}[/codebox]

EDIT: After the prefetch:

[codebox] #define BLOCK_SIZE 128

global void binarizeImageGPUKernel( uchar4 *image, unsigned width,

										unsigned height, unsigned char threshold )

{

unsigned idxImage = threadIdx.x + blockIdx.x*512;



uchar4 pixel4_1 = image[idxImage];

uchar4 pixel4_2 = image[idxImage+128];

uchar4 pixel4_3 = image[idxImage+256];

uchar4 pixel4_4 = image[idxImage+384];

pixel4_1.x = ( pixel4_1.x < threshold ) ? 0 : 255;

pixel4_1.y = ( pixel4_1.y < threshold ) ? 0 : 255;

pixel4_1.z = ( pixel4_1.z < threshold ) ? 0 : 255;

pixel4_1.w = ( pixel4_1.w < threshold ) ? 0 : 255;

pixel4_2.x = ( pixel4_2.x < threshold ) ? 0 : 255;

pixel4_2.y = ( pixel4_2.y < threshold ) ? 0 : 255;

pixel4_2.z = ( pixel4_2.z < threshold ) ? 0 : 255;

pixel4_2.w = ( pixel4_2.w < threshold ) ? 0 : 255;

pixel4_3.x = ( pixel4_3.x < threshold ) ? 0 : 255;

pixel4_3.y = ( pixel4_3.y < threshold ) ? 0 : 255;

pixel4_3.z = ( pixel4_3.z < threshold ) ? 0 : 255;

pixel4_3.w = ( pixel4_3.w < threshold ) ? 0 : 255;

pixel4_4.x = ( pixel4_4.x < threshold ) ? 0 : 255;

pixel4_4.y = ( pixel4_4.y < threshold ) ? 0 : 255;

pixel4_4.z = ( pixel4_4.z < threshold ) ? 0 : 255;

pixel4_4.w = ( pixel4_4.w < threshold ) ? 0 : 255;

image[idxImage] = pixel4_1;

image[idxImage+128] = pixel4_2;

image[idxImage+256] = pixel4_3;

image[idxImage+384] = pixel4_4;

}[/codebox]

The execution time didn’t change at all. I think that is because the maximum occupancy achievable is 67% (14 registers limitation according to CUDA occupancy calculator).

In order to reduce the number of registers used I tried to wrap these calculation in a for loop, but it didn’t help either. In fact, it took 1-2 more ms . And finally, I tried to unroll (manually) the loop but nothing… codes below:

[codebox]#define BLOCK_SIZE 128

global void binarizeImageGPUKernel( uchar4 *image, unsigned width,

										unsigned height, unsigned char threshold )

{

unsigned idxImage = threadIdx.x + blockIdx.x*512;

uchar4 pixel4;

for( unsigned i = 0; i < 4; i++ )

{

	pixel4 = image[idxImage+i*128];

	pixel4.x = ( pixel4.x < threshold ) ? 0 : 255;

	pixel4.y = ( pixel4.y < threshold ) ? 0 : 255;

	pixel4.z = ( pixel4.z < threshold ) ? 0 : 255;

	pixel4.w = ( pixel4.w < threshold ) ? 0 : 255;

	image[idxImage+i*128] = pixel4;

}

}[/codebox]

[codebox]#define BLOCK_SIZE 128

global void binarizeImageGPUKernel( uchar4 *image, unsigned width,

										unsigned height, unsigned char threshold )

{

unsigned idxImage = threadIdx.x + blockIdx.x*512;

uchar4 pixel4 = image[idxImage];



pixel4.x = ( pixel4.x < threshold ) ? 0 : 255;

pixel4.y = ( pixel4.y < threshold ) ? 0 : 255;

pixel4.z = ( pixel4.z < threshold ) ? 0 : 255;

pixel4.w = ( pixel4.w < threshold ) ? 0 : 255;

image[idxImage] = pixel4;

pixel4 = image[idxImage+128];



pixel4.x = ( pixel4.x < threshold ) ? 0 : 255;

pixel4.y = ( pixel4.y < threshold ) ? 0 : 255;

pixel4.z = ( pixel4.z < threshold ) ? 0 : 255;

pixel4.w = ( pixel4.w < threshold ) ? 0 : 255;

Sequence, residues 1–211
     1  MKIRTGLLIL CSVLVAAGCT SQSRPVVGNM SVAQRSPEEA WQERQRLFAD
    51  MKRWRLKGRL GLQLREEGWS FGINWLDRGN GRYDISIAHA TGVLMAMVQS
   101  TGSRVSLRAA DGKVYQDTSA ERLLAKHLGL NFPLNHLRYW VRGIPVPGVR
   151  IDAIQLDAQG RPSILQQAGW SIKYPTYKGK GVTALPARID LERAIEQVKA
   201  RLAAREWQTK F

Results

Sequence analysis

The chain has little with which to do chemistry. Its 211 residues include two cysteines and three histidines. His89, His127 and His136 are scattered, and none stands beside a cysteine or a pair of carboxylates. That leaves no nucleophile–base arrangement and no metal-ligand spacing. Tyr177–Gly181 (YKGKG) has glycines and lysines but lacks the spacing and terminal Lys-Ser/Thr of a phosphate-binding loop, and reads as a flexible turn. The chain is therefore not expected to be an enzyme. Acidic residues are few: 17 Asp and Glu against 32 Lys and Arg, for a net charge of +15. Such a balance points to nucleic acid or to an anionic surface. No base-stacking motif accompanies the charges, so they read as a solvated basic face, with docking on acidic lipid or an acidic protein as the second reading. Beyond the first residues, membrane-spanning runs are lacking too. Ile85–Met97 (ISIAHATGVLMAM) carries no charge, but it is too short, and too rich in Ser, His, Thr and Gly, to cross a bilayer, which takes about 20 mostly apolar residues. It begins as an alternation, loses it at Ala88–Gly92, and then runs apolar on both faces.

image[idxImage+128] = pixel4;

pixel4 = image[idxImage+256];



pixel4.x = ( pixel4.x < threshold ) ? 0 : 255;

pixel4.y = ( pixel4.y < threshold ) ? 0 : 255;

pixel4.z = ( pixel4.z < threshold ) ? 0 : 255;

pixel4.w = ( pixel4.w < threshold ) ? 0 : 255;

image[idxImage+256] = pixel4;

pixel4 = image[idxImage+384];



pixel4.x = ( pixel4.x < threshold ) ? 0 : 255;

pixel4.y = ( pixel4.y < threshold ) ? 0 : 255;

pixel4.z = ( pixel4.z < threshold ) ? 0 : 255;

pixel4.w = ( pixel4.w < threshold ) ? 0 : 255;

image[idxImage+384] = pixel4;

}[/codebox]

I think the codes above are correct, right? (please any mistake, correct me).

Is there any other trick I can do to improve performance?

Thank yoy

I’d guess that you’ve just hit the optimum already. What is the effective memory bandwidth you achieve?

You mean the calculated effective bandwidth or measured by a profiler?

EDIT:

By using the formula suggested by the CUDA best practices:

Effective bandwidth =((Br + Bw)/10^9)/time = (1600x1200 x 2)/10^9)/(0.11827x10^-3) = 32.4567 GBps

1600x1200 -> number of pixels (image resolution, bytes) read

0.11827x10^-3 -> execution time in miliseconds

And according to the specs the GTS 250 has a maximum theoretical bandwidth of 70.4 GB/s or 65,565 GBps

Is that what I should expect ?

PS: Visual Profiler in compute capability 1.1 does not support glob mem read throughput nor glob mem write throughput attributes.

Thank you

Do you test your code on GT200?

or you can provide your code and I can test it on my machine.

If your GTS250 has 2000MHz memory speed, then you only reach 50% of peak bandwidth, it is not high.

I want to double-check its performance on GT200.

If it also reaches 50% peak bandwidth on GT200, then we should try to dig out some secret.

Yes, I can provide my source code (attached below), but be advised that I was doing it in the path “recommended” by NVIDIA, which is C:\ProgramData\NVIDIA Corporation\NVIDIA GPU Computing SDK\C\src). If you change the path I don’t know if you will be able to run the code without some modifications.

Also, I’m using openCV to load the images. Is there any other easier way to do that, besides using cutil loadPPM?

One last thing: how can I measure execution time in C code? I’ve found lots of ways, but I don’t know if they are accurate like the events in CUDA (0.5 microseconds). I’m using cutil timers until I find a better way to do that.

Thanks
image_bin_v5.rar (6.15 MB)

Has anyone been able to run the project?

You might create more resonance by not using a proprietary commercial archive format.

Hi all again.

I was able to test the kernel with prefetching on a GTX 295. After I executed the code through the Visual profiler I went to View -> Summary Table.